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The Cloud

Box Tries to Escape the Curse of the Silicon Valley Midcap

The cloud company is stuck in a sales rut, and activist Starboard just walked in.

Aaron Levie, chief executive officer and co-founder of Box Inc. 

Aaron Levie, chief executive officer and co-founder of Box Inc. 

Photographer: David Paul Morris/Bloomberg

Even in Silicon Valley, it’s tough to be the middle child. Wedged between hot new startups and technology giants, midcaps must prove their mettle when the pace of growth dips and competition intensifies. Such is the dilemma of Redwood City, Calif.-based Box Inc., whose revenue growth lags those of its cloud-computing peers and is slowing, compounding investor concerns that the 14-year-old company has yet to turn a profit.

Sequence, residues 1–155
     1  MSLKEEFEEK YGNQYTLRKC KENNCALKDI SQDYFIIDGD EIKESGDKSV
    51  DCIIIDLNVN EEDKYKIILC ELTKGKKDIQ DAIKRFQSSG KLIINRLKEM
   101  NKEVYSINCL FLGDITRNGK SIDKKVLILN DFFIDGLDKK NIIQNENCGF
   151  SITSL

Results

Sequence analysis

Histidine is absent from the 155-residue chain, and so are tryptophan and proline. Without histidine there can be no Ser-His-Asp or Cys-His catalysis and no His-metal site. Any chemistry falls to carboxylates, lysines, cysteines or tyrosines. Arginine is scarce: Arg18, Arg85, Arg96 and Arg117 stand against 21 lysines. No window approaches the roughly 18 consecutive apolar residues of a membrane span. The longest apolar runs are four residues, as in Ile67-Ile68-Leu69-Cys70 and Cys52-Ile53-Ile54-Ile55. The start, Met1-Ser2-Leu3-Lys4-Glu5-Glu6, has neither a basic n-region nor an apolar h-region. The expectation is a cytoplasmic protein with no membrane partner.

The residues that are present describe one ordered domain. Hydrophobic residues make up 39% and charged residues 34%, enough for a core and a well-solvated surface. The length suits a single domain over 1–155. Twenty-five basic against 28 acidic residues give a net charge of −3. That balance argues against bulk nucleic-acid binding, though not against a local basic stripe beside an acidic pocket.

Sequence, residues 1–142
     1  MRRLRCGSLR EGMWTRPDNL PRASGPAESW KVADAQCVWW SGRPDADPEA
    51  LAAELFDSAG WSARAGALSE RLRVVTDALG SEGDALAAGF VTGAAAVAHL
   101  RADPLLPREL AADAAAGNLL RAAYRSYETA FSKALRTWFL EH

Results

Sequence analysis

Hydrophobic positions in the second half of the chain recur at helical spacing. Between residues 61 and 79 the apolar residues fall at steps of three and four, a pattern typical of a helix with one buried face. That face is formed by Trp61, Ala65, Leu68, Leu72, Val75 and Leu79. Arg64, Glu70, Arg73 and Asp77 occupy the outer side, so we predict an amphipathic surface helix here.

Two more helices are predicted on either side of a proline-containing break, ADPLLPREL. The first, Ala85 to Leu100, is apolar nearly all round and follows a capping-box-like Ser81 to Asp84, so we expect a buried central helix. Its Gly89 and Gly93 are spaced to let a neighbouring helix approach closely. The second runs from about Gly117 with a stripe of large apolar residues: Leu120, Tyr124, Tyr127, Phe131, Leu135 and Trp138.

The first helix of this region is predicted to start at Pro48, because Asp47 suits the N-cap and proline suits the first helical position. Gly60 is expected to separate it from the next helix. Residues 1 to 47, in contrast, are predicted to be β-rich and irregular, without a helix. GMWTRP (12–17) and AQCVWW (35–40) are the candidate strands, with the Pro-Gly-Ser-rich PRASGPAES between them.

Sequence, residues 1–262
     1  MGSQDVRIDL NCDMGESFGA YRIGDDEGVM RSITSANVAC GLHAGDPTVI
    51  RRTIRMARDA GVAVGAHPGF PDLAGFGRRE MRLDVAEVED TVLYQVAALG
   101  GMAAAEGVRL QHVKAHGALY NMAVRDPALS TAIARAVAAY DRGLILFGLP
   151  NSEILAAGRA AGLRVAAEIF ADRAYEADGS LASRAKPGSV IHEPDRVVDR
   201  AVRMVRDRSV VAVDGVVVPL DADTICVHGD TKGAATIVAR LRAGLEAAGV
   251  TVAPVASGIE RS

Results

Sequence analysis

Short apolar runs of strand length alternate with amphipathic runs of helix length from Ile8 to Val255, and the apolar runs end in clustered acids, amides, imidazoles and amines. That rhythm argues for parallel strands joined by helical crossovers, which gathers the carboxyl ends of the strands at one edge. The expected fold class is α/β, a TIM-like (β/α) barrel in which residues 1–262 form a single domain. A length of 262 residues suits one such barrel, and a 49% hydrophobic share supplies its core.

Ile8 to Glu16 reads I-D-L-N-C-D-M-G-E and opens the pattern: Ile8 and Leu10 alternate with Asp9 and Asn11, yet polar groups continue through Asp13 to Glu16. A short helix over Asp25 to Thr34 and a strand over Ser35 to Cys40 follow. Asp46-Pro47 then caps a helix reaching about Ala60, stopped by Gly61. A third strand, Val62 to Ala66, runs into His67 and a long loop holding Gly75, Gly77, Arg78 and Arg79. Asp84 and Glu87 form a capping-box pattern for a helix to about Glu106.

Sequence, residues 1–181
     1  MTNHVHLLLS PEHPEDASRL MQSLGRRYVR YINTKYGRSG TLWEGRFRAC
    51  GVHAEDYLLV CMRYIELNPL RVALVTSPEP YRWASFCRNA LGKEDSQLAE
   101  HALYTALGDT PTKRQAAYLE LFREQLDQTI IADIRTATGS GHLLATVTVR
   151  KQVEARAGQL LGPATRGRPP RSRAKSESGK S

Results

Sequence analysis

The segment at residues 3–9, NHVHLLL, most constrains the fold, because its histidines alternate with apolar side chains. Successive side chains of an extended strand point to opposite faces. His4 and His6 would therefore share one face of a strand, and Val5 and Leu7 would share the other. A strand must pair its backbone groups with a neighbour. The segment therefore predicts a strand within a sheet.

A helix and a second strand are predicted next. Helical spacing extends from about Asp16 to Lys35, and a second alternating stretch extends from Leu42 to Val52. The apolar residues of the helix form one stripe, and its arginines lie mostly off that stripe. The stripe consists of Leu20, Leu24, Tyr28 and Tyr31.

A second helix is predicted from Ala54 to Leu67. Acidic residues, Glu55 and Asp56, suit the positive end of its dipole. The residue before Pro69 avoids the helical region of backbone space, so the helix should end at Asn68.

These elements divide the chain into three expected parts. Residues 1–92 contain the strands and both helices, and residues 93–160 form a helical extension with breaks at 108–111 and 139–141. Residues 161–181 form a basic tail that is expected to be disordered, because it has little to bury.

Chief Executive Officer Aaron Levie’s answer has been to diversify Box away from its roots as a single-product file-sharing provider and position it in the cloud content management market, with offerings to help businesses secure data and automate workflows. But he’s yet to show the strategy revamp is bearing fruit. Box’s shares are down more than a quarter since its 2015 initial public offering. Shareholder advisory firms have been raising concerns about the structure of the company’s board. And in the biggest blow to Levie yet, activist investor Starboard Value LP disclosed a 7.5% stake in Box—calling the shares “undervalued” in a September filing and saying it could seek changes, including business combinations, asset sales, and a board revamp.